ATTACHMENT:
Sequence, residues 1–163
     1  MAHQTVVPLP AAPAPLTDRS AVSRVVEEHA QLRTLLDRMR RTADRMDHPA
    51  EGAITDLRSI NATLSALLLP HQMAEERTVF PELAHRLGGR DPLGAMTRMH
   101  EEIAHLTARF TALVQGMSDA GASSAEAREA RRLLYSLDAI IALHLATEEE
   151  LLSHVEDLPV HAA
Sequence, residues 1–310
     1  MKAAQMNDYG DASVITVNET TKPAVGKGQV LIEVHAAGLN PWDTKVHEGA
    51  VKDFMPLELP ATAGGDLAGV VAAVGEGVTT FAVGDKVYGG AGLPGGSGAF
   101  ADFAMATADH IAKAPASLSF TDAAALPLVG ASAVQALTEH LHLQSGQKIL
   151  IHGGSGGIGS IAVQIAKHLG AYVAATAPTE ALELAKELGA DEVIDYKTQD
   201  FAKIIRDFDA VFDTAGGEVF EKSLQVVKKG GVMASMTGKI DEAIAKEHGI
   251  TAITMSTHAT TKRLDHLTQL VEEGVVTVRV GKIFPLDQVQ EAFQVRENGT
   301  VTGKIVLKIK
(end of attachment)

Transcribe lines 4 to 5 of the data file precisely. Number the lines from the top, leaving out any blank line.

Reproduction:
   101  EEIAHLTARF TALVQGMSDA GASSAEAREA RRLLYSLDAI IALHLATEEE
   151  LLSHVEDLPV HAA